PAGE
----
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The following is an excerpt from a longer memorandum YRJ has written to address the issue of a child’s right to counsel in dependency cases.


“High quality legal representation is essential to a well-functioning dependency system.”
Oregon Task Force on Dependency Representation Report, July 2016

Courts have long recognized children and parents have fundamental liberty interests at stake in dependency and termination of parental rights (TPR) cases. In recognition of the fundamental rights at issue in cases like these, Oregon has established a right to counsel for children and parents in dependency and TPR cases. By providing counsel for parents and children, Oregon ensures that “salient information is conveyed to the court, parties’ legal rights are protected, and that the wishes of parties are effectively voiced.”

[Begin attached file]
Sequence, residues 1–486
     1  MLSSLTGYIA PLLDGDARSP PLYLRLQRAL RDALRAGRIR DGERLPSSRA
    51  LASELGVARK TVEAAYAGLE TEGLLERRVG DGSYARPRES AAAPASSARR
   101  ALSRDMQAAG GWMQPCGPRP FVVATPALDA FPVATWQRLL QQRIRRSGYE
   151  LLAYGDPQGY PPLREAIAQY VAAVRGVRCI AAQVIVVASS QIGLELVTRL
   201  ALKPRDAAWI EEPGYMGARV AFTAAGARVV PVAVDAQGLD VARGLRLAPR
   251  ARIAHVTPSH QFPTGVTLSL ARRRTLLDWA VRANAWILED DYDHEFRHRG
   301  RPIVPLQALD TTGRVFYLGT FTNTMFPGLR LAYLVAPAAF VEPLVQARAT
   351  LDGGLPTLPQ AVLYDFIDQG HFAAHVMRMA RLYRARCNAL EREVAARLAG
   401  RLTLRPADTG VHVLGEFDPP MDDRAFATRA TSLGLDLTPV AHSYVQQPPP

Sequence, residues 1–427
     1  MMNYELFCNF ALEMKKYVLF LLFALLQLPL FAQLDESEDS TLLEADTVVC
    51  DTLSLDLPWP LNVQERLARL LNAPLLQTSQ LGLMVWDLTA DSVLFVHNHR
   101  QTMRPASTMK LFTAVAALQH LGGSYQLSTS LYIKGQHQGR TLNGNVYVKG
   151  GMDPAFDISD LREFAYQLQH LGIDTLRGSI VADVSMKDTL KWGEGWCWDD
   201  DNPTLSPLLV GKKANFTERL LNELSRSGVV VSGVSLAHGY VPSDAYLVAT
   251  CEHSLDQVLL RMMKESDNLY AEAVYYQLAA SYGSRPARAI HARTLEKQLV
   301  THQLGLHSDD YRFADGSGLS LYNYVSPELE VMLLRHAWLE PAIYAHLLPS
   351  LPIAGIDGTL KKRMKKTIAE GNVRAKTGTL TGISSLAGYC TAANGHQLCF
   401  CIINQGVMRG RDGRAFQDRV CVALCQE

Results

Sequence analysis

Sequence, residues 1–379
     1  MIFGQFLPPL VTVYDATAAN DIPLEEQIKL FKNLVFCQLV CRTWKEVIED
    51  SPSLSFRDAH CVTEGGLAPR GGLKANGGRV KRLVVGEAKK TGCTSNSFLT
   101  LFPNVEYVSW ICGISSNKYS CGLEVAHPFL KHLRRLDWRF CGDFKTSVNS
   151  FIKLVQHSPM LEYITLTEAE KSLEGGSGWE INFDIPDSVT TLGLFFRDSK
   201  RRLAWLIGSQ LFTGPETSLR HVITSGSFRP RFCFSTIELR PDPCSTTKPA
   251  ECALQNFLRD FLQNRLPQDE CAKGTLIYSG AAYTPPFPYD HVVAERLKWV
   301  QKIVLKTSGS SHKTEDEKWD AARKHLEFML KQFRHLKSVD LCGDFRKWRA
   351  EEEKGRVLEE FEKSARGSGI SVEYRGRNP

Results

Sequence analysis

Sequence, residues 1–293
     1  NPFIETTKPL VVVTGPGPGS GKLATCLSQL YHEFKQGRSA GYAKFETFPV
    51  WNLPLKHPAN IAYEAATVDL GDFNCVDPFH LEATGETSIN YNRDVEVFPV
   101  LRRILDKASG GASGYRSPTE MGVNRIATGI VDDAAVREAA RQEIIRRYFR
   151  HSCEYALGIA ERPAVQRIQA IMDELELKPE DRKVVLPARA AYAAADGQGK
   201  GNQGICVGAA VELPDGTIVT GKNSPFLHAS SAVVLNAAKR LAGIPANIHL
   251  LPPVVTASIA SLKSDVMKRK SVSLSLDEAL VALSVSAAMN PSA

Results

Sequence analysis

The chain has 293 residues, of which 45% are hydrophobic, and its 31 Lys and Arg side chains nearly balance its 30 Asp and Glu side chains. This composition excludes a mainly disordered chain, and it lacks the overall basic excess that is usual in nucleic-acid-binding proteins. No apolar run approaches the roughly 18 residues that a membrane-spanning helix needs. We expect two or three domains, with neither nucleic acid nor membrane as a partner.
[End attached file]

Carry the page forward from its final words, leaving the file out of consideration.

Case law establishes that court-appointed counsel for parents is constitutionally required on a case-by-case basis in both termination of parental rights cases and dependency cases. Appointed counsel for children in termination of parental rights proceedings is also required on a case-by-case basis. A strong majority of states mandate that children receive counsel in dependency cases and several states have found a constitutional right to counsel for these proceedings; as yet, no Oregon appellate court has addressed the issue of court-appointed counsel for children in dependency cases. In addition to the supporting case law, representation for all parties is judicially efficient, cost effective, improves outcomes, and remains constitutionally defensible. To read the entire memo Youth, Rights & Justice has written, check it out below.

Constitutional Right to Appointment of Counsel for Children in Juvenile Dependency Cases